Under the Lens

The Stanhope lens—a portable, powerful, and cheap “help to the knowledge of common things”— circa 1830.

Rational recreation was visual education. Enlightened entertainment allowed for the legitimate indulging of the eyes in nondelusory patterns and mind-building shapes. International in appeal, this popular form of instruction relied on novel and sensuous technology. Here, however, was the rub. Optically communicated information comprised the stock-in trade of quackish hosts of prestidigitators, operators, schemers, empirics, entrepreneurs, and instrument makers. Rational recreation therefore was also the deliberate counterpoint to fantastic or irrational recreation. On one hand, the competitive leisure industry pressured the informing philosophical illusionist to distinguish himself from the deluding conjuror. On the other hand, popular educators relied on the same battery of stunning newfangled devices to attract the consumer’s gaze.

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French Postcards

A contemporary Stanhope rosary from Michioacan, Mexico.
Looking through the lens embedded in the cross presents a view of the Virgin of Guadalupe levitating strangely within a hazy space.

A seizure in 1863 involved a type of photograph that was particularly adaptable to pornography—microphotography. These tiny images, sold as transparencies, were impossible to read with the naked eye and were packaged with special magnifying viewers (called Stanhopes). Numerous patents for microphotographic techniques were filed in 1861 (by Martinache for “microphotographs of jewelry”; Regad, “Prints for microscopes”1862 (Brin fréres; Nachet et fils) during the peak of interest in this novelty. Caught this time with “micro nudes” were Guth and Laufer, who were middlemen rather than photographers. Other firms that tried to register microphotographs with the Ministry of the Interior had similar problems getting their images approved. The list of “planches sans ou avec texts non autorisées” in 1862 included macroviews by Dagron et Compagnie entitled Surprised Bathers, La Joyeuse orgie, L’ Indiscret, Léda; Voland’s micro Enlévement de Psyche and Venus et Adonis; and Villeneuve’s Le Balancoire and Le Hamac (all photos of artworks, which represented another type of illegal image). Some of these works were marked “á la condiction expresse de ne pas mettre á l’étalage” or “pour l’export,” which suggests that they were conditionally approved.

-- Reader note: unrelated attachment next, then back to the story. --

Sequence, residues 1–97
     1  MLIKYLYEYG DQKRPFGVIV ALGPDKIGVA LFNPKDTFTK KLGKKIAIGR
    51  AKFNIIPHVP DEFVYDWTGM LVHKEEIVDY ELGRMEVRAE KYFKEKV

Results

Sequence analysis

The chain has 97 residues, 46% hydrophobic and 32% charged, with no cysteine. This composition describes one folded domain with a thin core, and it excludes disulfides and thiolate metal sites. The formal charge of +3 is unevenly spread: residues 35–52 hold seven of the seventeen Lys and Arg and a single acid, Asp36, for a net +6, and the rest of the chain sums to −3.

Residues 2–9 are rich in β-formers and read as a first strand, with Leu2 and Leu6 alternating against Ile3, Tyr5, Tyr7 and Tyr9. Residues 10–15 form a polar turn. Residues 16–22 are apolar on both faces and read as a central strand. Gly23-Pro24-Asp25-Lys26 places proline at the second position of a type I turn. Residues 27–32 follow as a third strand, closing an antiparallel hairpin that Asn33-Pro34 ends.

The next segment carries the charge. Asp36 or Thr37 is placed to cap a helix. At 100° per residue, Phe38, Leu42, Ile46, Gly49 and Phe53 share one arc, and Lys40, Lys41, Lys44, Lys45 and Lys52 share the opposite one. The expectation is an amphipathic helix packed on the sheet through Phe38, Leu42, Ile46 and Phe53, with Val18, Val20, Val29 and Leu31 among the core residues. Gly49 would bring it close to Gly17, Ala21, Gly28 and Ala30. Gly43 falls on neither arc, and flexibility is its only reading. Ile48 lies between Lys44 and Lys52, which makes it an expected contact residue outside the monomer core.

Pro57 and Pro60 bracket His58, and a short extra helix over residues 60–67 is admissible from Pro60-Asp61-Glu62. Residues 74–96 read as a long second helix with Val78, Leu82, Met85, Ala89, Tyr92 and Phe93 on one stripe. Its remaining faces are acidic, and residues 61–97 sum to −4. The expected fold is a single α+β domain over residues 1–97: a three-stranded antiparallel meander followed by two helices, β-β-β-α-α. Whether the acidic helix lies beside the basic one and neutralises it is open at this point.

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The butt and the bogy

The butt of Gilroy and the bogy of Walpole

Disraeli once spoke of Shelburne as one of the suppressed characters of English history. Shelburne’s friend, Charles, third Earl Stanhope, is another. While Lady Hester has tempted not a few biographers both in her country and abroad, it was not till nearly a century after his death that the career of her distinguished father has found a chronicler. He has been hitherto vaguely known as a man of eccentric habits and impossible opinions—“the Quixote of the nation,” as he is described in the “Rolliad.” The present biography, commenced by his great-great-granddaughter, at length reveals him as one of the outstanding personalities of his time, an inventive genius of the first order, and a fearless reformer who played a leading part in public life for forty years. The son-in-law of Chatham, the nephew by marriage of Grenville, the comrade and then the enemy of Pitt, the protege of Wilkes, the formidable antagonist of Fox during the “Coalition and of Burke during the French Revolution, the valued supporter of Wilberforce, the friend of Franklin and Condorcet, Grattan and Price, the ally of Shelburne and Lauderdale in their opposition to the Great War and of Lord Holland in his championship of religious liberty, the butt of Gillray and the bogy of Horace Walpole, the hero of the youthful Coleridge and Landor, the oracle of the little band of Parliamentary Reformers who never lost courage or hope, the patron of Lancaster’s schools, the friend of Fulton and Rennie and himself an inventor of first rank— few of his contemporaries touched the life of their age at so many points.

(The Life of Charles Third Earl Stanhope by Ghita Stanhope, revised and completed by G.P. Gooch, 1914, p. v)